“English?”

“Little bit!”

That’ll do. We show the map, we explain we’re lost. The waitress gets the manager. The manager gets the waiter. The waiter gets the cook and there’s another waiter hanging around. There’s like 5 of them — two on Google Maps and three looking at the leaflet.

There’s a lot of talking. Luckily the place wasn’t that busy and they were more than happy to help. 20 minutes / half an hour of running about they figure something out. They’ve pinned the hotel down and know how to get there. They try to explain the road we’re on but quickly give up, opting for a more fail-safe solution…

Mopeds.

The cook and the waiter are ushered outside and given directions. They get on their scooters and the manager looks at us all like “This is happening. Get on”. We’re standing there with all our travelling gear and are like “Yeah. It’s happening”. I thank him and the waitress, offering a tip and they profusely decline so instead we shake hands.

With no helmets and no hesitation we jump on.

Okay okay. Some hesitation. Shit was getting real.

Charlotte and the waiter on the scooter behind, me and the cook leading the pack. Weaving in and out of traffic, holding onto the bike and our bags simultaneously; we turn up at the first set of traffic lights the Tourist Officer told us was the wrong way! Two minutes later — literally two minutes — we’re there. Only accepting a handshake before their departure they leave us and we check in with a relieved smile on our faces.

I love Chiang Rai.

The 14:45 Green Bus from Chiang Mai to Chiang Rai

We arrive at Chang Mai’s Arcade Bus Depot, hang out in Dunkin’ Donuts until it’s time to board.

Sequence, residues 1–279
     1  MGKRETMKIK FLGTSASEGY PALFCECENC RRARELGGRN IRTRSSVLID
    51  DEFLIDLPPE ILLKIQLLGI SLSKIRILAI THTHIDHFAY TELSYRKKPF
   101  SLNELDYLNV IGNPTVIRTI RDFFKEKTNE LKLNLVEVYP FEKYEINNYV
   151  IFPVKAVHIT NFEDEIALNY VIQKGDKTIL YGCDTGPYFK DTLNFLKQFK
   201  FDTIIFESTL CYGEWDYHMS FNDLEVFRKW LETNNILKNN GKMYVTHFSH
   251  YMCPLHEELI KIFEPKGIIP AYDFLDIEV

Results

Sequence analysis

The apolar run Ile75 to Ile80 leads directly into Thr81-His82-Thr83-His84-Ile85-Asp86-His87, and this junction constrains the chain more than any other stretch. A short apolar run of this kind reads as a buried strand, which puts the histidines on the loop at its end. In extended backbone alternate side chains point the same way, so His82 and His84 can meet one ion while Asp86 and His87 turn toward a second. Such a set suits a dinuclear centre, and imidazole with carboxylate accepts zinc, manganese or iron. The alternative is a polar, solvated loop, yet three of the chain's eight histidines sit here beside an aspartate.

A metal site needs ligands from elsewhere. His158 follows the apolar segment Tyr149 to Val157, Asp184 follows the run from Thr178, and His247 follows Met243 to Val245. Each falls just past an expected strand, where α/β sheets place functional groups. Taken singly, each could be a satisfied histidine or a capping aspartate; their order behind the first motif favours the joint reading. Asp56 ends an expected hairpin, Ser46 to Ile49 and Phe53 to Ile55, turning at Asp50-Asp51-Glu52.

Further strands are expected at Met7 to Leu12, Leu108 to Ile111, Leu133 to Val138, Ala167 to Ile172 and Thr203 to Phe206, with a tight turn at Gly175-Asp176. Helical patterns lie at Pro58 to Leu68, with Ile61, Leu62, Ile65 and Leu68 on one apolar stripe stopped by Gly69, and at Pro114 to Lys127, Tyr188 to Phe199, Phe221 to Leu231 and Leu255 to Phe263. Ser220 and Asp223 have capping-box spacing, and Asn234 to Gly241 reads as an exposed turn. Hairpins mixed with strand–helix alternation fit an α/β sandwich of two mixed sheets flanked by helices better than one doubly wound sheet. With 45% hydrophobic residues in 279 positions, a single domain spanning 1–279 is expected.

Fortunately for us, our bags are small enough the fit in the overhead so we didn’t have to risk them going under. As we climb aboard and take to our seats, we settle in. We opted for the VIP bus with AC because why not? This is luxury on wheels. Massive reclining seats — kind of like the bus equivalent of a La-Z-Boy. Small TV on the seat in front, free honey-based bread snack thingy and a bottle of water.

The TVs never turned on which I was gutted about because they were connected to gaming controllers but I didn’t mind — once we set off the views had me in awe for most of the journey.

We ascend the mountainous landscape we constantly admired from Chiang Mai. The views far superior to that of the sleeper train from Bangkok. We’re inside the forest, the real forest where small local communities are farming all sorts of animals and vegetation. We saw Ox being herded, streams, rivers and all sorts of trees/plant-life and the most beautiful landscape I have ever seen in my life. Words can’t describe it (and I was too in the moment to take a photo!). Inspired by such beauty I look over to Charlotte sitting there with a look on her face far from what you’d expect of someone seeing this… “I left our swimming stuff at the hotel!”.

Oh.

Isn’t it time you follow me on Instagram?

Sleeping Baby, Working Mother by Marcus as seen on Instagram

Go on, follow me on Instagram

Firstly – I’ll be super grateful and secondly, I’ve been posting some awesome shots recently. Well, I think so anyway… I decided to get away from shooting and uploading everything I see.

I did this by adding an extra step to uploading an image, something as simple as changing the aspect ratio from square to landscape makes for a ball-ache to throw anything and everything up so I take a bit more consideration about what I share now.